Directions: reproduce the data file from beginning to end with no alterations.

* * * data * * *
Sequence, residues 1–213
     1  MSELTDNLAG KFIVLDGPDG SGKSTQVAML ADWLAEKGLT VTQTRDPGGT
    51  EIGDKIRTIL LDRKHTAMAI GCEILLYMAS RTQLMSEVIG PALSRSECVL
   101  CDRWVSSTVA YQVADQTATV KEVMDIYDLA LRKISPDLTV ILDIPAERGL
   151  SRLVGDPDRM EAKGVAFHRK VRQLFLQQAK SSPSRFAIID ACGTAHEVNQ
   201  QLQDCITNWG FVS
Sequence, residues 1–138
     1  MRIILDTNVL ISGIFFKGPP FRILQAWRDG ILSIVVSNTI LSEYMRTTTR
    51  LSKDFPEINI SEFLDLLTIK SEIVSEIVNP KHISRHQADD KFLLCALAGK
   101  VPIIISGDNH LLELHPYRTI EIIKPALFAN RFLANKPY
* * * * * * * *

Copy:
Sequence, residues 1–213
     1  MSELTDNLAG KFIVLDGPDG SGKSTQVAML ADWLAEKGLT VTQTRDPGGT
    51  EIGDKIRTIL LDRKHTAMAI GCEILLYMAS RTQLMSEVIG PALSRSECVL
   101  CDRWVSSTVA YQVADQTATV KEVMDIYDLA LRKISPDLTV ILDIPAERGL
   151  SRLVGDPDRM EAKGVAFHRK VRQLFLQQAK SSPSRFAIID ACGTAHEVNQ
   201  QLQDCITNWG FVS
Sequence, residues 1–138
     1  MRIILDTNVL ISGIFFKGPP FRILQAWRDG ILSIVVSNTI LSEYMRTTTR
    51  LSKDFPEINI SEFLDLLTIK SEIVSEIVNP KHISRHQADD KFLLCALAGK
   101  VPIIISGDNH LLELHPYRTI EIIKPALFAN RFLANKPY